By Amie Nemec
A couple of weeks back on a Saturday morning, I hoped in my Tesla and mapped the drive from Fredericksburg to Whisper Path Cellars in San Antonio. I planned to assist Jesse Villarreal with bottling his 2019 Texas Mourvèdre. In my trusty jeans and a wine tee, this time declaring ‘Wine Goes In, Fun Comes Out,’ I made the hour and a half drive to the electrical warehouse of JV Electric, which is the front of the winemaking facility.
Let me explain…
Jesse began making wine at home as a hobby about 20 years ago. His brother Joey was into home-brewing beer and was gifted a winemaking kit, which he regifted to Jesse. After playing around with his first batch of wine made from this kit, Jesse was intrigued and wanted to do it again. As each year passed through trial and error, he became more skilled at producing wines that were not just drinkable, but good! All the while, he worked full-time as a Master Electrician and owner of JV Electric doing commercial electrical contracting work. As his passion outgrew their home on Whisper Path, his family recognized his passion and skill, and the decision was made to make his hobby a commercial winery. In 2017 with his winemaking equipment situated in the back of his electrical warehouse, Jesse jumped through the hoops required by the state of Texas and the federal government and established what we now know as Whisper Path Cellars.
Jesse is whole-heartedly supported by his wife Kyn and their six adult children and their spouses. Today, Whisper Path does not operate a tasting room with only about 500 cases of wine produced annually. Their small production is available from boutique wine shops and Texas-focused restaurants. One of these shops is Vintners Hideaway in Fredericksburg, and back in 2019, the folks there recommended Jesse and his wife Kyn Villarreal visit me at Perspective Cellars. I had established this little shop on Main Street at the end of 2018 when I jumped into the wine world with both feet and flippers! The adorable couple walked a block down the street and shared their Tempranillo, Viognier, and Rosé with me while sharing their story. Jesse’s commitment to quality was palpable and I instantly felt as if we’d been friends for years. Of course, I carried some of their wines at my shop over the years and now even after selling Perspective Cellars, you can still find the Whisper Path Montepulciano on the menu there.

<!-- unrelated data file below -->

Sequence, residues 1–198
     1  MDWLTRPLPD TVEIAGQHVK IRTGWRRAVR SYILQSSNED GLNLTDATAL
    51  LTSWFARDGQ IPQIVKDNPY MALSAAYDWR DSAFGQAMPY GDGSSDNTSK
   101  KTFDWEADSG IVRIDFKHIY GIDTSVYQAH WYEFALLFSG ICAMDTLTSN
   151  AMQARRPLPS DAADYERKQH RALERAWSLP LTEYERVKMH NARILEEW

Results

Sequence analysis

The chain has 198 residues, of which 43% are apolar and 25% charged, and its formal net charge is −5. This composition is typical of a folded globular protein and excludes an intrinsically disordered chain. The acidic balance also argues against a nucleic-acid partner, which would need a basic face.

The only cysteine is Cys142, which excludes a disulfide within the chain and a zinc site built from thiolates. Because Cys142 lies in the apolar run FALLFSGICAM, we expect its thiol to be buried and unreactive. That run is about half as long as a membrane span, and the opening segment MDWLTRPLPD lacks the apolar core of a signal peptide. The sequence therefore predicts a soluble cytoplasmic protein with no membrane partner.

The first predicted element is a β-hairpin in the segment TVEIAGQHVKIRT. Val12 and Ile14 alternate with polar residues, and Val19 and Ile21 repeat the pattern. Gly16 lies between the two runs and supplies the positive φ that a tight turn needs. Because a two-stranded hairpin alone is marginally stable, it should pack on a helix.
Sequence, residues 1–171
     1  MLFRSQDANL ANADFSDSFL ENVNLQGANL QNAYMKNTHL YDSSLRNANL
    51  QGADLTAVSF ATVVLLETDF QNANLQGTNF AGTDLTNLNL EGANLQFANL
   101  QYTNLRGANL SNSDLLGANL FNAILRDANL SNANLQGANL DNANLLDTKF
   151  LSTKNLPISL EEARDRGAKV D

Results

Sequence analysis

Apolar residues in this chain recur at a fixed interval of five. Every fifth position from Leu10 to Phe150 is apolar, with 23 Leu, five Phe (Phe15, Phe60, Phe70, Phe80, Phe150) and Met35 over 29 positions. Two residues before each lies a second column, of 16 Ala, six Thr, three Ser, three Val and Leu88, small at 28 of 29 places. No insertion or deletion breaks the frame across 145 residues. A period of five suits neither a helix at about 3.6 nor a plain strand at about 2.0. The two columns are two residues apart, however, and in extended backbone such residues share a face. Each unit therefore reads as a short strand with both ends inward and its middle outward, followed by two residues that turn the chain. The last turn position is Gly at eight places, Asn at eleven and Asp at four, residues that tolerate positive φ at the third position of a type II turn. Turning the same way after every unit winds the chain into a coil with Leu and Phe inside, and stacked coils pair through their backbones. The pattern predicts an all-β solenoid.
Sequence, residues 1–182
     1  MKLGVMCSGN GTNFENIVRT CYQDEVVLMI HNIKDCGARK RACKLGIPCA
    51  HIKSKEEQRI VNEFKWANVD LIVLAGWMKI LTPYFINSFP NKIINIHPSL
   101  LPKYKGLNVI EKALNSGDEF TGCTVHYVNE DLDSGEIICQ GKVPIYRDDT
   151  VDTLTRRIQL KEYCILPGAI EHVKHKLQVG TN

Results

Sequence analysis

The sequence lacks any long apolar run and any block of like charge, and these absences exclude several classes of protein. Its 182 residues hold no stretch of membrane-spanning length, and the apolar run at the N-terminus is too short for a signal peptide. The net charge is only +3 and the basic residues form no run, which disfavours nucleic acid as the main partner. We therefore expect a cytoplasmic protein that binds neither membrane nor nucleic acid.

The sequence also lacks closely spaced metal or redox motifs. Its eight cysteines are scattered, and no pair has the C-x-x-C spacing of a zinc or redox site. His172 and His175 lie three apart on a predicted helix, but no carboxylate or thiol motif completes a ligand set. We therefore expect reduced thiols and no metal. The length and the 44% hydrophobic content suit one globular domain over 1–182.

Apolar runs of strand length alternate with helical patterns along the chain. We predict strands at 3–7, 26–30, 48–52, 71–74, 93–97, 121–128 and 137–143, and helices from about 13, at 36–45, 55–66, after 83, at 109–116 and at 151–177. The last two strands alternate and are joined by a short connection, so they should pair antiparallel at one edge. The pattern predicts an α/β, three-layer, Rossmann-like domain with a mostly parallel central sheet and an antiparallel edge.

Now we find ourselves in 2021 where two years of wine tasting, dinner parties, conferences, and travel together led to a particular group trip to the Texas High Plains this summer. We visited grape growers and checked on the quality of the fruit Jesse has contracted for this harvest. Partly as a joke and partly from my deep desire to be helpful and learn wine inside and out, I mentioned—no less than 20 times a day—that Jesse could benefit from an assistant because his “day job” takes up too much time. While I’m not interested in being an electrician’s assistant, I can surely learn from a winemaker as a winery assistant. I can’t help with making his wines (yet) but I can make phone calls to order wine bottles or send emails to check on fruit conditions and follow up on the status of bottle labels being printed.
The week after our trip, Jesse emailed to admit he could use some help and, if I’m serious about lending a hand, he’d take it. Again, I think I just wore him down and he felt sorry for me having so much spare time in my recent retirement!